12. The agreement would be________________ if you sold in our market we would expect the samerights
in your market.
13. It must be an ____ . _____________ statement; it's signed by the Prime Minister.
14.This month, after twenty-five years, I will make the __________________payment and the house willbe

15. The law now states that male and female workers must have___________________________________________________________pay.

Extension. Choose five of the sentences and dictate them to a partner.


The United Nations (UN)

The UN, an intergovernmental organization established in1945 as the successor to the League of Nations, is
concerned with the maintenance of international peace and security. Its headquarters are in New York City. On
December 10, 1948, the Declaration of Human Rights was issued, definingthe civil, political, economic, social;
and cultural rights of human beings. Below are extracts fromthe first 10 articles (there are 30 in all). Complete
the text by choosing the correct word from the box.








law liberty


Article 1. All human beings are bornfreeand equal in dignity and rights.
Article 2. Everyone is entitled to all the rights and ___________ set forth in this Declaration,
without distinction of any kind, such as _______________ colour, sex, language, religion, political
or other opinion, national or social origin, property, birth or other status.
Article 3. Everyone has the right to life, ______ _____________ andsecurity ofperson.
Article 4. No one shall be held in ___________ or servitude; slavery and theslave trade shall be
prohibited in all their forms.
Article 5. No one shall be subjected to torture or to cruel, inhuman or degrading treatment or
Article 6. Everyone has the right to recognition everywhere as a personbefore the
Article 7. All are equal before the law and are entitled without any____________ to equal
protection of the law.
Article 8. Everyone has the right to an effective _________ by thecompetent national tribunals
for acts violating the fundamental rightsgranted him by the constitution or by law.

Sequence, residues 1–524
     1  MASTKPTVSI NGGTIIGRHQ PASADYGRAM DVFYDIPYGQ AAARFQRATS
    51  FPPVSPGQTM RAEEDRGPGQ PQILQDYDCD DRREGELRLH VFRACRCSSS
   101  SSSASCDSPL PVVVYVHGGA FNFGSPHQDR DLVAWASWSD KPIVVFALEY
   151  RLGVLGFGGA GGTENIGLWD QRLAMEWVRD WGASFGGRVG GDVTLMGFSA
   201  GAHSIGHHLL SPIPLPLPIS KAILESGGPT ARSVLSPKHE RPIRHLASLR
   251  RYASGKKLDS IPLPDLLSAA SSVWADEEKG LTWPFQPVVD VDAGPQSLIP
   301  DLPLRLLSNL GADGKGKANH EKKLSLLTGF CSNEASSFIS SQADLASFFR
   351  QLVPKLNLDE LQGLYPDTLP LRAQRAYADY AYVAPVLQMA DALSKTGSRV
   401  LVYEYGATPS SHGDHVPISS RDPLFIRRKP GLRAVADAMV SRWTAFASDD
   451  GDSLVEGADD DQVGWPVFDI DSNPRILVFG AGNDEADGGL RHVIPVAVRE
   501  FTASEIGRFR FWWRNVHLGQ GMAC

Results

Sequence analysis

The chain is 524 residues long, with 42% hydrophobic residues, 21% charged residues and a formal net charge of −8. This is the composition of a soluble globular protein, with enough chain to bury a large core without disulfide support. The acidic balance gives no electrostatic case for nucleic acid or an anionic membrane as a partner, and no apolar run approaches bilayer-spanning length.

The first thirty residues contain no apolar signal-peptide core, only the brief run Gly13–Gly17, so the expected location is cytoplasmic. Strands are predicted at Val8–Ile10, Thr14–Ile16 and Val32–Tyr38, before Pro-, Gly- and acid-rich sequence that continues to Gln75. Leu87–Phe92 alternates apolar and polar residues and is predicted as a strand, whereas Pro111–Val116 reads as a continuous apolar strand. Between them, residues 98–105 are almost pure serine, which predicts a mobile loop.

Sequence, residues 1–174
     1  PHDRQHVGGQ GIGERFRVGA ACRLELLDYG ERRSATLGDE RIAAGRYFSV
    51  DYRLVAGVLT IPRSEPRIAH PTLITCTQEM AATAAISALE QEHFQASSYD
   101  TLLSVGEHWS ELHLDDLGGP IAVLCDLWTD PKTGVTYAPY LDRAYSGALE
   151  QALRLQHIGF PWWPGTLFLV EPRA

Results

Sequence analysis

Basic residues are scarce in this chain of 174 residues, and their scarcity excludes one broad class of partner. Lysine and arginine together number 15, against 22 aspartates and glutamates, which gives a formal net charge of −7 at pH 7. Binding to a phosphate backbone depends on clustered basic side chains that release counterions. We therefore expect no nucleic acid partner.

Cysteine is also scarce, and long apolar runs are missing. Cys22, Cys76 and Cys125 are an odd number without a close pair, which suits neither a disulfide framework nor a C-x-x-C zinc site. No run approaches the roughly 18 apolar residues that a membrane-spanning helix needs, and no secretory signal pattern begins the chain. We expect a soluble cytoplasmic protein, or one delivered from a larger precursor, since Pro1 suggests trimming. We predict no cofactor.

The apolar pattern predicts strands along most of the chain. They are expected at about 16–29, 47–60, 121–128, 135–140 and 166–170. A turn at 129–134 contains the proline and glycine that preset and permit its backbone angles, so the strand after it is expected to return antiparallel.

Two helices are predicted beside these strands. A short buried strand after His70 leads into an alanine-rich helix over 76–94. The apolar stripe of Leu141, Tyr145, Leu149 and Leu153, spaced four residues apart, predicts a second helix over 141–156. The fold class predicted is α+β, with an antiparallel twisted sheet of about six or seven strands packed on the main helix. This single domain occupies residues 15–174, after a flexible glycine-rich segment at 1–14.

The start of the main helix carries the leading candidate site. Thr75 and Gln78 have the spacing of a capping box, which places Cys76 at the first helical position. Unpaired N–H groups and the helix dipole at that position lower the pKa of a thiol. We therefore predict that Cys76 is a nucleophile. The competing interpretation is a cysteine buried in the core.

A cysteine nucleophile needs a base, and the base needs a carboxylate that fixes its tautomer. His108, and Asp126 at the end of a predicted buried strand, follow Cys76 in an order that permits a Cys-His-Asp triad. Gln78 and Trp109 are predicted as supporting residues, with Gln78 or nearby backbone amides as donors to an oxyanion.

Article 9. No one shall be subjected to arbitrary arrest, _________ or__________________.
Article 10. Everyone is entitled in full equality to a fair and public heatingby an independent and
impartial________________________, in the determination of his ______________and
obligations and of any criminal____________________against him.


ENGLISH OFTEN USES prefixes to create opposites. There are several different prefixes which are used.
Choose the right prefixes for each of the adjectives in the box and write it into the table. The first has been
done for you: evidence which isinadmissible will not be accepted (admitted) by a court.









dependent insured just



















2. 3.






5. 6.






Exercise 2.

Use twelve of the adjectives in the table to complete these sentences. The first one has been done for
you as an example.
1. Hearsay evidence - evidence which a witness has heard from another source - is
inadmissible in
a court of law.
2. Can you check these accounts? Some of the figures seem to be __________. ______ .
3. The witness was completely _________________ : she kept changing her story.
4. It is _________________ for a lawyer to enter into personal relations with a client.
5. We returned the goods to the supplier because they were _______________ ,
6. That's very interesting, but ________________ : can you please comment only on this case?
7. There are rumours of a takeover, but they are still _______________ .
8. It is
_____ tosell tobacco without a licence.
9. He could not pay his debts and was declared ___________.
10. This document is ________________ without the signature of a witness.
11. The director of the company has left the country permanently and I'm afraid the debt is now.
12. At twenty-one she left home and became______________.


Opposites 2
THE WORDS BELOW are all from the world of law. Match them into twelve pairs with opposite
meanings and write them in the table. The first one has been done for you as an example: guilty
and innocent are opposite.

bring forward


guilty innocent

Exercise 2. Complete these twelve sentences. Use one word from each pair of oppositcs. The first one
has been done for you as an example.


foundguilty and sentenced to two years in prison.

There was insufficient evidence for the court to___________


As the accused was seriously ill, the judge decided to ____________ the trial until the 23rd.
The__________says he cannot pay the amount the court

Acording to the terms of the contract, if the _____ doesnt pay the rent for two
months he can be evicted.

The police were accused of using torture to make suspects____________.

Before you________such a large amount of money, are you sure you can repay it?

He was
8. He brought a_______ action against the company, claiming that the accident had been
caused by a manufacturing fault in the automobile.
9. He has served twelve years in prison and the authorities will ___________him tomorrow.